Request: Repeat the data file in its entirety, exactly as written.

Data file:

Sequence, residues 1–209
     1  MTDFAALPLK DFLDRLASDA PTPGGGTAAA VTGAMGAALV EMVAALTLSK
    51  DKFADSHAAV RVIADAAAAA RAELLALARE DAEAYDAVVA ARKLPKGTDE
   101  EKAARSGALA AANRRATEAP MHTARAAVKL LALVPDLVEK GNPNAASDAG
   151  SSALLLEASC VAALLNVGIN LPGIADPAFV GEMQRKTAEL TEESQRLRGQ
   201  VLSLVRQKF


Sequence, residues 1–209
     1  MTDFAALPLK DFLDRLASDA PTPGGGTAAA VTGAMGAALV EMVAALTLSK
    51  DKFADSHAAV RVIADAAAAA RAELLALARE DAEAYDAVVA ARKLPKGTDE
   101  EKAARSGALA AANRRATEAP MHTARAAVKL LALVPDLVEK GNPNAASDAG
   151  SSALLLEASC VAALLNVGIN LPGIADPAFV GEMQRKTAEL TEESQRLRGQ
   201  VLSLVRQKF